Relics found in ancient burial pits last month have been hailed as among the
greatest archaeological finds of 2005.
Articles unearthed from the site in Hancheng city in Northwest China's
Shaanxi Province date back to the Zhou Dynasty of about 3,000 years ago.
They include more than 600 items of bronzeware, as well as rare gold items
and lacquer ware, according to Shaanxi archaeological sources.
Excavation leaders said they will resume the search in February after the
Spring Festival and hope to make further discoveries.
"The findings so far may help rewrite historical records," said Jiao Nanfeng,
director of Shaanxi Archaeology Research Institute.
He told China Daily the finds were the most important archaeological event in
Shaanxi and one of the most significant throughout the whole country in 2005.
"The ancient Zhou's tombs we found were well protected," Jiao said.
"The hosts of the tombs are believed to be high-ranking officials in ancient
times. The relics unearthed from the tombs provide precious materials for
research on the period of Zhou Dynasty as it is the first time treasures like
this have been unearthed."
In October, 2004, Hancheng Municipal Tourism Bureau, with help from local
residents, located the large-scale ancient tomb group in Liangdai Village, about
7 kilometres northeast from the city.
With approval by Shaanxi Provincial Cultural Heritage Bureau and the State
Heritage Administration, excavation on the sites started in April last year,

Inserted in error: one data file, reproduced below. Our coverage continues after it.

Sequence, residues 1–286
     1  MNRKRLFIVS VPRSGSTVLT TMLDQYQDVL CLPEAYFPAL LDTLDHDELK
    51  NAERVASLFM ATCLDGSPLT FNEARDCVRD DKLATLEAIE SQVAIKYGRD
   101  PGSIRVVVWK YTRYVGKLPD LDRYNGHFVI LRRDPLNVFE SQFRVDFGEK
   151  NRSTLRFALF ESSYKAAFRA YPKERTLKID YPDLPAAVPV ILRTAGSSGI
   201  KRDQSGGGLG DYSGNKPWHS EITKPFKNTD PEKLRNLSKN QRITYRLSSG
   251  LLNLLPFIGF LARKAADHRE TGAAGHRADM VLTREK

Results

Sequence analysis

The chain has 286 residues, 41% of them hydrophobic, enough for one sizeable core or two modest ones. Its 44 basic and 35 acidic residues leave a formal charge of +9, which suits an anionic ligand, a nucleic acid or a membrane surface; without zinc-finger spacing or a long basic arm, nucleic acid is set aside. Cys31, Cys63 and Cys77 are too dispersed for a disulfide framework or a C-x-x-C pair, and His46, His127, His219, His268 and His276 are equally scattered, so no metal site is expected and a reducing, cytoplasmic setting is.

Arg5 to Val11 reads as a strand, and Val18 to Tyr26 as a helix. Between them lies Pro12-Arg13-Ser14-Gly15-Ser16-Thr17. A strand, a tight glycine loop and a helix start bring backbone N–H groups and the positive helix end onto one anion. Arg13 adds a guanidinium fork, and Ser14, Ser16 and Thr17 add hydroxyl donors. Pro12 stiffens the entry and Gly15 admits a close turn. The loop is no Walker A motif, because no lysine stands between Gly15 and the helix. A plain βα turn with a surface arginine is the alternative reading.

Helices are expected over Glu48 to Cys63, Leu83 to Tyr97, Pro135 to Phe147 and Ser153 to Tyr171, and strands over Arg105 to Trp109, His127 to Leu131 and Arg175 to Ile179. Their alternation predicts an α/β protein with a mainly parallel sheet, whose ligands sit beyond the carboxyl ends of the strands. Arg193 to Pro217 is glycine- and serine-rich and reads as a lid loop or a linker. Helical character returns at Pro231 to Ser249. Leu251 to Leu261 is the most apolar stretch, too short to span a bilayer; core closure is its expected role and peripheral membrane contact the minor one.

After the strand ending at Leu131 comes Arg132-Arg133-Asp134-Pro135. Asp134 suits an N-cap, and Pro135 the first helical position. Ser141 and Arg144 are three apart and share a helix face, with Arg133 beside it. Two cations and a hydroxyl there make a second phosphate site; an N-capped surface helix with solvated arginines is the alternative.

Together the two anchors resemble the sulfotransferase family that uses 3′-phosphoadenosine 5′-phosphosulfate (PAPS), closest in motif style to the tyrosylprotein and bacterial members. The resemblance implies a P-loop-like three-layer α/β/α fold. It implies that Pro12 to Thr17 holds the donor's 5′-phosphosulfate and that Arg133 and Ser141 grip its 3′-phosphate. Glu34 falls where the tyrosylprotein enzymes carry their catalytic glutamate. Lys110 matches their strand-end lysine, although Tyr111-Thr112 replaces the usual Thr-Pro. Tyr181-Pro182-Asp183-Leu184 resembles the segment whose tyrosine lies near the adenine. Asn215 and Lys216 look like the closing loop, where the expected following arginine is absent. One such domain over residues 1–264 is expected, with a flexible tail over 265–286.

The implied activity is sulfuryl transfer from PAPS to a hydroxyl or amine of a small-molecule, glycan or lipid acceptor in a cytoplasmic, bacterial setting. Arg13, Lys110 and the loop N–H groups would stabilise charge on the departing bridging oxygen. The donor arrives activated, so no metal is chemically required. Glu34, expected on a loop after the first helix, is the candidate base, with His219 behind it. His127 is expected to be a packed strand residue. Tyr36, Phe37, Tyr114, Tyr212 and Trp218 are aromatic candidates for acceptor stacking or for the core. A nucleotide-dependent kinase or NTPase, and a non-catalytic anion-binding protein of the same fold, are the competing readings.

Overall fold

said Sun Bingjun, head of the excavation team.
After an eight-month effort, archaeologists found that the total area of the
tombs group was about 33.3 hectares, which comprised of 103 tombs and 17 pits
buried with bronze horses and chariots, Sun said.
"From the four major large tombs themselves and rare treasures unearthed from
them, we believe that the tombs belong to the dukes in late Western Zhou (11th
century-771 BC) and early Eastern Zhou (770-256 BC). Since 1974, we have not
found such old and high-ranking ancient tombs that had not suffered from
Archaeologists said that the finds are of great significance for research
into the political and economic systems and funeral customs of the Zhou Dynasty.
They even conflict with China's first historical records book written by Sima
Qian in Western Han Dynasty (206 BC-AD 24) because it said that the area where
the newly-found ancient tombs are located was the duke land of Liang, said Chen
Jiangfeng, an expert with Shaanxi Archaeology Research Institute.
"From the characters on the unearthed bronzewares, we learned that the host
of the major tombs is believed to be duke of Rui, and the city now known as
Hancheng was the land of Rui, not the land of Liang," Chen said.
However, other archaeologists say the hosts of the tombs cannot be defined at
present, and more information is needed for